Title: Crossing Into Brooklyn
Author: Mary Ann McGuigan
Publisher: Merit Press
Publication Date: June 1, 2015
Source: I received a complimentary copy in exchange for a honest review.
To Find Your Future, You Have to Face Your Past
At sixteen, Morgan Lindstrum has the life that every other girl wants--at least from the outside. A privileged only child, she has everything she could ever want, except her parents' attention. A Princeton physicist and a high-powered executive, they barely have any time for each other, much less for Morgan. Then her beloved grandfather dies, depriving Morgan of the only stable figure in her life. If that's not enough, she suddenly finds out he was never her grandfather at all. To find out the truth about her family, Morgan makes her way to Brooklyn, where she meets Terence Mulvaney, the Irish immigrant father who her mother disowned. Morgan wants answers; but instead of just satisfying her curiosity, Mulvaney shows her the people in his condemned tenement building, who are suffering and have nowhere to go. He challenges her to help them, by tearing away the veil of shame, and showing her wealthy parents and her advantaged circle of friends a world they don't want to know exists. The temptation to walk away from this ugly reality, as her mother did, is strong. But if she does, can Morgan ever really leave behind what she learned when she crossed into Brooklyn?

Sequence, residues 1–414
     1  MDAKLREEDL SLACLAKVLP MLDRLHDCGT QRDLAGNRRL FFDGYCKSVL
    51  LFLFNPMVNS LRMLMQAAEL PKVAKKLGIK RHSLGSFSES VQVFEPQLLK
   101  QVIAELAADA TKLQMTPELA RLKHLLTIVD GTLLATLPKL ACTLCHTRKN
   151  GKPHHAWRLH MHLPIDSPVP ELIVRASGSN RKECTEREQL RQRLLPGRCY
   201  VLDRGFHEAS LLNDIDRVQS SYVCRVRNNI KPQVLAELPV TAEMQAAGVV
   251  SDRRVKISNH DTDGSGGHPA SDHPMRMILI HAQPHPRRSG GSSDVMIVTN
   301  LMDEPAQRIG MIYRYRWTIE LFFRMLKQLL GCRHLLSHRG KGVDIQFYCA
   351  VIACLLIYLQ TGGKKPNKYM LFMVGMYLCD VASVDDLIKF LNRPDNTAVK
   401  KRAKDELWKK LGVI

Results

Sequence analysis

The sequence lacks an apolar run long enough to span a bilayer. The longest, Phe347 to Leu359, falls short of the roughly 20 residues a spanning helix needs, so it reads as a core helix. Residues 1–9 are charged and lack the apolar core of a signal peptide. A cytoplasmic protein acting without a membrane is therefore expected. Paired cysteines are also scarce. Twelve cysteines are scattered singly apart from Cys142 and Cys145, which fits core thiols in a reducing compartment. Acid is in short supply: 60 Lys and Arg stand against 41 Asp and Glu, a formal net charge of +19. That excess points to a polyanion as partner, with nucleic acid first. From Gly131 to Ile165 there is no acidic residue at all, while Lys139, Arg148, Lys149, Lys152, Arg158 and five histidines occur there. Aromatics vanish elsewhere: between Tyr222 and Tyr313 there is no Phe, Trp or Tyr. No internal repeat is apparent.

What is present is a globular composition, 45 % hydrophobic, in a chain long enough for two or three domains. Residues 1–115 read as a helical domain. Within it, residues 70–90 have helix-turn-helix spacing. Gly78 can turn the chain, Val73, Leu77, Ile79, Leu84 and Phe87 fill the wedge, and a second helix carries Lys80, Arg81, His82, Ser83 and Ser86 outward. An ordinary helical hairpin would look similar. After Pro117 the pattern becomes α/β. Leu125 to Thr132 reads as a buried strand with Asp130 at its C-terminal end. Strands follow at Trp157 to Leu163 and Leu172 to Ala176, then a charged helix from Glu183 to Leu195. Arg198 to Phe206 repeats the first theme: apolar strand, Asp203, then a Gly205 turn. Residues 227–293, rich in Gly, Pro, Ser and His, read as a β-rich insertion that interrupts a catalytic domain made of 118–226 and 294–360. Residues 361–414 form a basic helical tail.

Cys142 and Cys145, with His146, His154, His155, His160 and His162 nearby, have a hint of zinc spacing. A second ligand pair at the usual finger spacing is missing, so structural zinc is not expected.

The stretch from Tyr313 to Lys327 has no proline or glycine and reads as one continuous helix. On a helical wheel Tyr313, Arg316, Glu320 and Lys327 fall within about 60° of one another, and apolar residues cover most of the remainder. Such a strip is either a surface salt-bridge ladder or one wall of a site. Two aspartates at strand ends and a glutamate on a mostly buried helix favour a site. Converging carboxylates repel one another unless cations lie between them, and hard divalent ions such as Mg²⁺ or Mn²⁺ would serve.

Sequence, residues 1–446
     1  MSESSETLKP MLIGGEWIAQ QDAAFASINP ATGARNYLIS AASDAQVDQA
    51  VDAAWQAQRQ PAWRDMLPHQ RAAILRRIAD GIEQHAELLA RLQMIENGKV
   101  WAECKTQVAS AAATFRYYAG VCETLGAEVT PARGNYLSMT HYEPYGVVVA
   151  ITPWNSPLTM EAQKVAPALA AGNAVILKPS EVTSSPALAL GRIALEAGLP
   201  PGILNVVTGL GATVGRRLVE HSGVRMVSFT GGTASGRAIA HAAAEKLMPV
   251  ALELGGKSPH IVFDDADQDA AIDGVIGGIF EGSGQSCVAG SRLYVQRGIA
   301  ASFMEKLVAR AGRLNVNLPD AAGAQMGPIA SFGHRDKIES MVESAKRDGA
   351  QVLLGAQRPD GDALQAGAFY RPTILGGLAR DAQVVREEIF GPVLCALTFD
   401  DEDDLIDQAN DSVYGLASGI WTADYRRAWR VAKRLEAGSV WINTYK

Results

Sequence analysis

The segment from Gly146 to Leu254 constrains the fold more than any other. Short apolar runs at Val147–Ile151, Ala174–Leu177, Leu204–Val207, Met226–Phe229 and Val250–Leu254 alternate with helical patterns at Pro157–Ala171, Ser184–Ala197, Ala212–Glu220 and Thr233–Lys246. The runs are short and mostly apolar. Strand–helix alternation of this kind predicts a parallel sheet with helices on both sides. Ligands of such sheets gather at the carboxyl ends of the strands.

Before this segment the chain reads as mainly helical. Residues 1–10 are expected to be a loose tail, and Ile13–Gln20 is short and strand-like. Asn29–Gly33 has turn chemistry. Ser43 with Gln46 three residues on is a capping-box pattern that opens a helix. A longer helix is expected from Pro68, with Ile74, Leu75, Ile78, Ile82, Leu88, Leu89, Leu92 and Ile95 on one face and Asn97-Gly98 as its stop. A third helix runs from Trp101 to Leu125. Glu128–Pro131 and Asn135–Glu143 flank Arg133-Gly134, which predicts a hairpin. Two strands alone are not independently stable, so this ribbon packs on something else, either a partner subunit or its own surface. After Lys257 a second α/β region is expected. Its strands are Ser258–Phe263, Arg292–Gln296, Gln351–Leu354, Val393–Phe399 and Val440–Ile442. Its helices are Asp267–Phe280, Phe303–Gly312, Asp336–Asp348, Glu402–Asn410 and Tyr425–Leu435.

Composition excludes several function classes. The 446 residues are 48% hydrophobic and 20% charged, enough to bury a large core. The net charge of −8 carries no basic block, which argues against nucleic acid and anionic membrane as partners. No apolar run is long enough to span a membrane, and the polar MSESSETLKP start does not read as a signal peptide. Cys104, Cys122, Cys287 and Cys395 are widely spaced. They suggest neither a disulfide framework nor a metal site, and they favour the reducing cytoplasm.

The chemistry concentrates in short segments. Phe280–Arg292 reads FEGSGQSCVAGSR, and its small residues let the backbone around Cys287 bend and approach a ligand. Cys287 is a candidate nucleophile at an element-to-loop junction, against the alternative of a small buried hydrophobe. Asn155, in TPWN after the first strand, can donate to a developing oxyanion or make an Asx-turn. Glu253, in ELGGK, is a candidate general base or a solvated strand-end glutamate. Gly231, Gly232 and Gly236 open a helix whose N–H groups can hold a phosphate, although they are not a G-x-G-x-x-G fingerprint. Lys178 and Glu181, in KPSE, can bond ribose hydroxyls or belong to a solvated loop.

I was a bit apprehensive going in to this book, since it's not kind of book I would usually choose. Unfortunately, in this case, my gut feeling was right. This book just didn't work for me.
The characters, especially Morgan, didn't feel all that real and relateable. Her parents were useless and annoyed me a lot. Her grandpa was a asshole. Morgan was spoiled and naive.
Also, I felt like this book majorly overemphasized the income and class gap. It was this huge deal for her to find out her grandpa was poor and another huge deal for her to visit Brooklyn. Maybe things are different in New York/New Jersey, but where I'm from, things are not that divided.
Disliking the characters was a problem I could not overcome in this book. If you can connect with the characters better than me, you might enjoy this one.
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